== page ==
Rock Cycle - Past Life (6)
Pre Lab 

  • Understanding how rocks record geologic time.
  • Exploring the importance of fossils.
  • evolution
  • fossil
  • geologic time
  • paleontology
  • stratigraphy
Student discuss geologic time.

Ammonites are not found in the Cenozoic


Students are familiar with dinosaurs and other fossils, but the idea that certain organisms lived at certain times is very difficult for them to comprehend. The oldest unmistakable fossils are about 3.8 billion years old. However, multicellular organisms did not appear in the fossil record until approximately 650 million years ago. Animals with hard body parts (skeletons) did not appear until about 580 million years ago.

Geologic time is often very difficult to understand. Most students have trouble understanding the impact of 10 years, not to mention the 4.5 billion years that have passed since the formation of the Earth. It is difficult to date exactly how old the Earth is because no one was there to record the event. There are many lines of evidence for the age of the Earth, within your students' lifetimes this number will probably change slightly as new technology helps us to better date the past.

An accurate sense of geologic time and Earth history was very difficult for scientists to construct. It was not until the mid 1700's that James Hutton, who developed some of the modern principles of stratigraphy, realized that the history of the Earth was of unimaginable length of time, and that the "present was the key to the past." Hutton tried to develop methods that used present rates of sediment deposition to interpolate how much time had passed since the deposition of a particular rock layer.

Organisms have evolved over the course of the Earth’s evolution. Since paleontologists have recorded and study these changes, geologists can use the type of fossils in a rock to tell estimate its age relative to other rocks. For example, the dinosaurs lived and became extinct long before human ancestors evolved. Therefore, a rock containing dinosaur fossils would be much older than one containing hominid remains. This type of geologic time telling is called relative geologic time; it gives the order of events, fossils, and rocks from oldest to youngest, without reference to numerical ages.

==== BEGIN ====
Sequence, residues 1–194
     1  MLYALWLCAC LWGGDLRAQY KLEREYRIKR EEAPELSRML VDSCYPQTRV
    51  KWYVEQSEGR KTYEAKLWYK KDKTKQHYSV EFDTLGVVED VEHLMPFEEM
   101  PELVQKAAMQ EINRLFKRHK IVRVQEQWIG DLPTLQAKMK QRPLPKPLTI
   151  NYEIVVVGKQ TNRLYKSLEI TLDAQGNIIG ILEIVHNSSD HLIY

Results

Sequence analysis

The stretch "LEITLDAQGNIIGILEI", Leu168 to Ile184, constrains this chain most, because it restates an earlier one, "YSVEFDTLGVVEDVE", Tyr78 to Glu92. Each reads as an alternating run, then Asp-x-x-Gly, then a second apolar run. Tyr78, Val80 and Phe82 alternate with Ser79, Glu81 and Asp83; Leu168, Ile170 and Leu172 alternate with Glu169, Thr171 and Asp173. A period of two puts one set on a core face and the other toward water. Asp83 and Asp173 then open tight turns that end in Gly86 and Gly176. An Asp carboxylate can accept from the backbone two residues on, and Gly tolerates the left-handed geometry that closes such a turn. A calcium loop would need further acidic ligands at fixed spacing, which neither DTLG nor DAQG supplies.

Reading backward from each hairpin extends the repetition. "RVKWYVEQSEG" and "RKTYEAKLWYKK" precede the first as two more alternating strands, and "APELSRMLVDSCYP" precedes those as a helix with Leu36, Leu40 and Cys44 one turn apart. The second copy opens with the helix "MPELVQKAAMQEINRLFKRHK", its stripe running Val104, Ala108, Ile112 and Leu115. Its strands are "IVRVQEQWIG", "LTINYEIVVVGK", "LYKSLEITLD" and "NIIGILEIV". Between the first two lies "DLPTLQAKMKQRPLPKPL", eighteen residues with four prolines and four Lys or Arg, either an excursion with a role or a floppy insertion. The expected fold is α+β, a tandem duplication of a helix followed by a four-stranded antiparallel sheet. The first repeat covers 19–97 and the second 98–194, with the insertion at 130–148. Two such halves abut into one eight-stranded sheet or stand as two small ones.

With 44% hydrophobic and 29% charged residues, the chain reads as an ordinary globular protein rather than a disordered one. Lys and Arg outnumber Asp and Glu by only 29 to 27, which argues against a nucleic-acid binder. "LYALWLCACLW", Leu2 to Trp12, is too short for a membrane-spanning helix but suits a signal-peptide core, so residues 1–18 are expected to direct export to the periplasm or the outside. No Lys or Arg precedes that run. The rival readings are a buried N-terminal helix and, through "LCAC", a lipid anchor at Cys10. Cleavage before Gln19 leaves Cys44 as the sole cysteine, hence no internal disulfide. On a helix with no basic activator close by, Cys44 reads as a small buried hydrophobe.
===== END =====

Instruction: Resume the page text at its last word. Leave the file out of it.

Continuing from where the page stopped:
Relative time is based on several principles of stratigraphy (the arrangement of sedimentary rock layers. These are the principles of Original Horizontality, Superposition, and Faunal Succession. The principle of Original Horizontality, first proposed by William Smith in the late 1700's, states that sedimentary layers formed in a horizontal position. If mountain building took place and the layers were tilted or moved, this event must have occurred after the layers were laid down.

 The Principle of Superposition states that in a sequence of sedimentary rock layers, the bottom layers are older than the top layers. The bottom layers were deposited first. The principle of Faunal Succession is similar to Superposition; it states that the oldest fossils in a series sedimentary rock layers will be in the lowest layer. Progressively younger fossils occur in higher layers.

So time is determined by fossils that are in different layers (strata).   If you look at the horizontal component, you are looking at one time period and understand the paleoenvironment.  In this activity students are asked to look at a dinosaur gravesite and try to identify the type od dinosaur.

  1. llustrate geologic time using the analogy of a 24 hour clock representing the 4.5 billion years of earth history. Draw the clock (shown below) on your blackboard. The creation of the major types of animals was not until 20:00, and humans were not around until 30 seconds before 24:00! Humans have only been on this Earth for a very short period. Dinosaurs were on this planet for much longer than we have been
  2. Emphasize that the history of geologic time was very difficult for scientists to construct. Explain how relative time is based on stratigraphic principles. You may wish to use the diagram below to help illustrate these principles.

  3. The activity looks at a dinsosaur gravesite and have students looking at what bones can be identified. The  dinosaur is a Stegosaurus. 


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